Our 100 gallon spray rig.
Drilling holes through a concrete slab to reach the termites in the soil.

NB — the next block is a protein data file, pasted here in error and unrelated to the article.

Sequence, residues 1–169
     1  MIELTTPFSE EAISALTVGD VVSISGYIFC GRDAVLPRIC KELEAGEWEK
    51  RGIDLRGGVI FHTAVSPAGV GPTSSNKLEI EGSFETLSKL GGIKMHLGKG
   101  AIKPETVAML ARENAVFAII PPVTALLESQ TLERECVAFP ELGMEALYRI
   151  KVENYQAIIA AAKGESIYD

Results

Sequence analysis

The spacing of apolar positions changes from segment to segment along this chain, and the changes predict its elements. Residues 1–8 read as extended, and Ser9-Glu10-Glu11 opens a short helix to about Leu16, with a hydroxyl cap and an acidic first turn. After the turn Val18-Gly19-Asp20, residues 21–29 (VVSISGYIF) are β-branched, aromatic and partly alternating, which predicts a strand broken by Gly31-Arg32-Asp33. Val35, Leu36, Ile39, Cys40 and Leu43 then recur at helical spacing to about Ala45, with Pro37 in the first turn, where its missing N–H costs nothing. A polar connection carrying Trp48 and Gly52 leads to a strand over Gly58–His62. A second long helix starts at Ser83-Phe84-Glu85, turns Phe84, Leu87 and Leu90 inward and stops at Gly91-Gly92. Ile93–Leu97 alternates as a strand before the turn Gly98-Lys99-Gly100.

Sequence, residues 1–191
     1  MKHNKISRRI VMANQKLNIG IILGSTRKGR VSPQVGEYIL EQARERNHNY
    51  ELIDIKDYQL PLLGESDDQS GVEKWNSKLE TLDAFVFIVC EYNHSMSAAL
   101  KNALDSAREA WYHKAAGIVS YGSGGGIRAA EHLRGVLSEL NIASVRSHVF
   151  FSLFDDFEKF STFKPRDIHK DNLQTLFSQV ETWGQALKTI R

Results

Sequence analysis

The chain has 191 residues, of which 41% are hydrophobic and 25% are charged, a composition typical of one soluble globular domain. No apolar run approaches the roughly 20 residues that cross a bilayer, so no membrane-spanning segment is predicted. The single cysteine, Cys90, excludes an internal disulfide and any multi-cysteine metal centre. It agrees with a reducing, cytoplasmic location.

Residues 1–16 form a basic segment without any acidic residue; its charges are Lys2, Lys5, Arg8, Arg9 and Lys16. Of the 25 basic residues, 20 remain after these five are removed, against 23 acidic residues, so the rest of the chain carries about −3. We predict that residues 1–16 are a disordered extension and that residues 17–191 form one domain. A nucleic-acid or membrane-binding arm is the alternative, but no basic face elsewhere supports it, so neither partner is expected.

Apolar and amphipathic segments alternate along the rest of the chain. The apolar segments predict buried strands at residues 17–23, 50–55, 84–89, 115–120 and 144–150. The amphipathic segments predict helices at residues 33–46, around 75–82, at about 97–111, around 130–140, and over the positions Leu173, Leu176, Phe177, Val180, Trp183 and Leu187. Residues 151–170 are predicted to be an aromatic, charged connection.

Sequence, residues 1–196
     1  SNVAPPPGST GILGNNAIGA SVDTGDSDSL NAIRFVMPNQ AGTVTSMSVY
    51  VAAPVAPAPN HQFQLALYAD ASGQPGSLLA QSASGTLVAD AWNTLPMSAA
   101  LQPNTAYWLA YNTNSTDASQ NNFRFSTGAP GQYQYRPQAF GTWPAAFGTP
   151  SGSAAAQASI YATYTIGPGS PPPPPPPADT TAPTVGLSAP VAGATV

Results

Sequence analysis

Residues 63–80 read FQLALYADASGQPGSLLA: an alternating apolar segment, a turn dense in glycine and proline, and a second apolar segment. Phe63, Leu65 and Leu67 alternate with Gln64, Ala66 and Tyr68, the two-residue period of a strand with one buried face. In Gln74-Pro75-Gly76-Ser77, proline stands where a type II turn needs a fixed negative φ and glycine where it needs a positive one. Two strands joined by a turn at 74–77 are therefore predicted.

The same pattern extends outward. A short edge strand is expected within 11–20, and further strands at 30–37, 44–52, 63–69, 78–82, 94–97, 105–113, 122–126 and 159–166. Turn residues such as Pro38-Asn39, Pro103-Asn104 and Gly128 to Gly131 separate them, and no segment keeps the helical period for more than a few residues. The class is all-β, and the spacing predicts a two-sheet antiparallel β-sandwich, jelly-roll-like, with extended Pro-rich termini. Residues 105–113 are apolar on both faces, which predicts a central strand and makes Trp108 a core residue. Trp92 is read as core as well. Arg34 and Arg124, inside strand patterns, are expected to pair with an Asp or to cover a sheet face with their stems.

When I find termites at peoples homes I always get asked "can't I just get something from Lowe's to take care of this?" I wish that I could say yes, but termite treatments require a little more than a spray can. The first picture is a pretty mild termite infestation, the termites went through the wall and wound up eating through a bookshelf and into some books. We injected chemical into the holes that we drilled in the slab as well as the cinder block wall. The idea is to break the termites contact with the soil so that it kills the termites while providing a protective chemical barrier for your home. Termites must have a source of moisture to live, most of the time this source is the soil. In some rare cases leaky roofs and pipes provide this source making them very hard to detect. Again, this is a rare situation and I have only seen it a few times over the past 10 years. Termite treatments aren't by any stretch rocket science, but like anything else you need to know what you are doing. Some of the hazards faced in this particular treatment were underground utilities and electrical wires in the wall. You just have to be careful, and think before drill and inject chemical. To end, I would just say that your home is the largest investment that most people make, it pays to have your home inspected at least once a year. Sure treatments are expensive, but repair cost are often much higher and you would still need to have the home treated after the repairs.